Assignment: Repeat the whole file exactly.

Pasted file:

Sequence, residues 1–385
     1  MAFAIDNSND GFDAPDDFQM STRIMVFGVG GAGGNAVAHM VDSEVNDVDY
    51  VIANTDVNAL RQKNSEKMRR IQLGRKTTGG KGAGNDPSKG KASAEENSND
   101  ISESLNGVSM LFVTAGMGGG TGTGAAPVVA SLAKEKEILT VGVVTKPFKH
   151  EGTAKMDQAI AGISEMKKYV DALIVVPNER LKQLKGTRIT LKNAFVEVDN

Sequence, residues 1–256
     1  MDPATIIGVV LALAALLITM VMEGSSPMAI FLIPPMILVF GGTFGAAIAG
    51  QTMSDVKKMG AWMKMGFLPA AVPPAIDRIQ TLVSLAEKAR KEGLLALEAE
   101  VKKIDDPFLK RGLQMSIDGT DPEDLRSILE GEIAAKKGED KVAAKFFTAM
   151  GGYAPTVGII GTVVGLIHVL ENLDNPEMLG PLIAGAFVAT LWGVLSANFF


Sequence, residues 1–385
     1  MAFAIDNSND GFDAPDDFQM STRIMVFGVG GAGGNAVAHM VDSEVNDVDY
    51  VIANTDVNAL RQKNSEKMRR IQLGRKTTGG KGAGNDPSKG KASAEENSND
   101  ISESLNGVSM LFVTAGMGGG TGTGAAPVVA SLAKEKEILT VGVVTKPFKH
   151  EGTAKMDQAI AGISEMKKYV DALIVVPNER LKQLKGTRIT LKNAFVEVDN

Sequence, residues 1–256
     1  MDPATIIGVV LALAALLITM VMEGSSPMAI FLIPPMILVF GGTFGAAIAG
    51  QTMSDVKKMG AWMKMGFLPA AVPPAIDRIQ TLVSLAEKAR KEGLLALEAE
   101  VKKIDDPFLK RGLQMSIDGT DPEDLRSILE GEIAAKKGED KVAAKFFTAM
   151  GGYAPTVGII GTVVGLIHVL ENLDNPEMLG PLIAGAFVAT LWGVLSANFF